Petrochemical fire Hurricane Laura

A chemical fire burns at a facility during the aftermath of Hurricane Laura on Thursday, Aug. 27, 2020, near Lake Charles, La.

Desmond Tutu once said, "people of conscience need to break their ties with corporations financing the injustice of climate change."

To the Office of the President, LSU Board of Trustees and LSU Foundation:

We, the LSU Climate Pelicans, are calling for the university's financial investments to better reflect the values of the LSU community. We are not acting alone but as part of an international movement calling for the divestment of university endowment funds from the fossil fuel industry to be reinvested in more ethical endeavors.

Over 1,300 institutions have already boldly revoked the fossil fuel industry's social license and anticipate sustainable economic progress. According to a study published this year in the journal "Nature," 60% of oil and natural gas and 90% of coal reserves need to remain unextracted to avoid the most detrimental impacts of climate change. Yet, the fossil fuel industry has demonstrated no intention of keeping these reserves in the ground and is actively seeking new environments to exploit.

With these facts in mind, we call for LSU's immediate divestment action.

The fossil fuel industry is a crooked sector that has chosen Louisiana as a sacrifice zone for its economic profit. Hurricanes, floods, wetland loss and oil spills have plagued this state since before any of our lifetimes; in the wake of Hurricane Ida, it is indisputable that an alarming increase in the frequency and intensity of natural disasters is inextricably linked to climate change.

This industry also propagates racial injustice and inequity, which this university has deservedly taken a stance against in the past year. Cancer Alley, that infamous stretch of fossil fuel industrial complexes connecting Baton Rouge and New Orleans, has been a center of racial and environmental injustice since the 1960s and continues to endanger Black communities today.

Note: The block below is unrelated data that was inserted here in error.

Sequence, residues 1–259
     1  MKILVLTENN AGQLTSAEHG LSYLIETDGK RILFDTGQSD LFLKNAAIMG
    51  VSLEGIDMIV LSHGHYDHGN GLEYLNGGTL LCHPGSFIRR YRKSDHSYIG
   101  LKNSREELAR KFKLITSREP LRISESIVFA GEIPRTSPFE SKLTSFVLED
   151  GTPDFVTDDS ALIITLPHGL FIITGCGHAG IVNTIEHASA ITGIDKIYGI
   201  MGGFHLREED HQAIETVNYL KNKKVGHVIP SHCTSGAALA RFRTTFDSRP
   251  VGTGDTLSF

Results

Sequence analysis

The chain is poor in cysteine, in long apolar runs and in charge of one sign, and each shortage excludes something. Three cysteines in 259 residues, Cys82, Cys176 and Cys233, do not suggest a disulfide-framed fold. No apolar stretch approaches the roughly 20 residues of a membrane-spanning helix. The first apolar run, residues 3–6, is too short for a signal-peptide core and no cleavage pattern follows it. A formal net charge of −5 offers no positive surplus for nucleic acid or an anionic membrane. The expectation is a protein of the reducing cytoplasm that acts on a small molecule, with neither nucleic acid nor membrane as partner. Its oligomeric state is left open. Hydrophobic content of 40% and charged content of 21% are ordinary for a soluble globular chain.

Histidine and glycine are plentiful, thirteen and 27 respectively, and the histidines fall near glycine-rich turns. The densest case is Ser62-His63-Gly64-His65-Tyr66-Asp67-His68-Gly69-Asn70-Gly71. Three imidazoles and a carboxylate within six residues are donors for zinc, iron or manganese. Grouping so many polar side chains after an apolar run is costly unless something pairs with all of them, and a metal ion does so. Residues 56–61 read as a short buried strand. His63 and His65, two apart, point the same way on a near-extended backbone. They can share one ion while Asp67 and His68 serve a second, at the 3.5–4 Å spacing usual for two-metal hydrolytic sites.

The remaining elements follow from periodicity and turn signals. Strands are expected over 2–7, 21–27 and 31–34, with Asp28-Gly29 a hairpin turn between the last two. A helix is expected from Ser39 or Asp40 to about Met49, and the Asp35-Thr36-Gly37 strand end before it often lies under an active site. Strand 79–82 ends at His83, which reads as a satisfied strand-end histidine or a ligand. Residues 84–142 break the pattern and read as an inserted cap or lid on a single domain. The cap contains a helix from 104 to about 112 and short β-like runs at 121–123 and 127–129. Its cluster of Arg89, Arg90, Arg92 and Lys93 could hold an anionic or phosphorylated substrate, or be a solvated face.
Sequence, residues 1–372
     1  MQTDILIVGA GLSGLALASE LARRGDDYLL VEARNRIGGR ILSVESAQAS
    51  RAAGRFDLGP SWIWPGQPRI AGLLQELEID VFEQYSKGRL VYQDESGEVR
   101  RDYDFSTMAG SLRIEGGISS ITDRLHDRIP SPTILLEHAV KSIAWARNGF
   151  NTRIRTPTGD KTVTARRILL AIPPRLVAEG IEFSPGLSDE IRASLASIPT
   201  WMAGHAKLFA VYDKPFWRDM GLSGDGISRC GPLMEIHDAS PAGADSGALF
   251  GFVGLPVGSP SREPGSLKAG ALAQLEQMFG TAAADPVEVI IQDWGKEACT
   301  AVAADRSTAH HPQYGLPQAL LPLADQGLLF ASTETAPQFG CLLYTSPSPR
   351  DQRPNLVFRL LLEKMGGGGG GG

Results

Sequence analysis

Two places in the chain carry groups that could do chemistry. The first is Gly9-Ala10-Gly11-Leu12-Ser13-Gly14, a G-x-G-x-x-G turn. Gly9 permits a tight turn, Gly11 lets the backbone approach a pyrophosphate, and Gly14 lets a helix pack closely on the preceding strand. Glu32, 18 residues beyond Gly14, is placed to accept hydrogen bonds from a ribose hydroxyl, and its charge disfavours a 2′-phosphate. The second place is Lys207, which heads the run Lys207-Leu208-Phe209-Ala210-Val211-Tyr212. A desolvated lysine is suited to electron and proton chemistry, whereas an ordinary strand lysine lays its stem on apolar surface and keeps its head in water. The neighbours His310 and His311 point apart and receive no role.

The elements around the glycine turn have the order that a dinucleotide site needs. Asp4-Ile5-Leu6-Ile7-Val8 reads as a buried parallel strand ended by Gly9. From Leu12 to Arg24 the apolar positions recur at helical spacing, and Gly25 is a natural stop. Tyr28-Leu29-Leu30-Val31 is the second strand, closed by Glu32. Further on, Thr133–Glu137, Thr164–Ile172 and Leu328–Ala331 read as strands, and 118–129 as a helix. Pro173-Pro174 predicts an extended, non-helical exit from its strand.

In divesting the university's endowment from environmental racism, our school can advocate against the marginalization of communities of color and demonstrate our solidarity with their welfare.

We cannot continue our complicity. It is unethical to invest money in extractive practices that perpetuate climate change-induced catastrophes, especially when our state feels the environmental and social impacts most heavily.

Our lives are at risk because of the fossil fuel industry's recklessness, so why should the university continue to finance them? To that end, our request is simple:

  1. First, divest the endowment funds within an actionable timeline from companies that engage in anti-climate lobbying or extract, refine, develop, own or sell fossil fuel resources.
  2. Second, reinvest endowment funds in carbon-free energy investments and those congruent with the university's values and its faculty, staff, students and alumni. 

The LSU Climate Pelicans propose a collaborative conversation to guide LSU's endowment toward more ethical investments. There are so many other investment opportunities that do not put the entire globe at risk, and we would be pleased to discuss these with you.

LSU has an opportunity to accelerate climate justice as a flagship university in the fossil-fueled Gulf South during a time of deepening climate crisis and encroaching ecological and social tipping points. LSU would not be alone, as Tulane University and even the city of New Orleans itself have already made steps toward fossil fuel divestment. The state of Louisiana has also already made commitments toward near-future emissions reductions—Gov. John Bel Edwards has pledged significant emissions reductions by 2030 and complete carbon neutrality by 2050.  

We call on LSU to meet the moment and engage in this conversation. We only have five years left to prevent the 1.5 degrees Celsius warmings linked to irreversible consequences of global climate change.

All over the globe, young people agonize that time is not on our side, but we hope that you will be as we plan for a livable future.

The LSU Climate Pelicans are an interdisciplinary group committed to advancing climate justice in Louisiana. Sign our petition here.

To join our conversation, please contact the following LSU Climate Pelicans: 

Jill Tupitza:

Benjamin Farmer:

Corinne Salter:

Load comments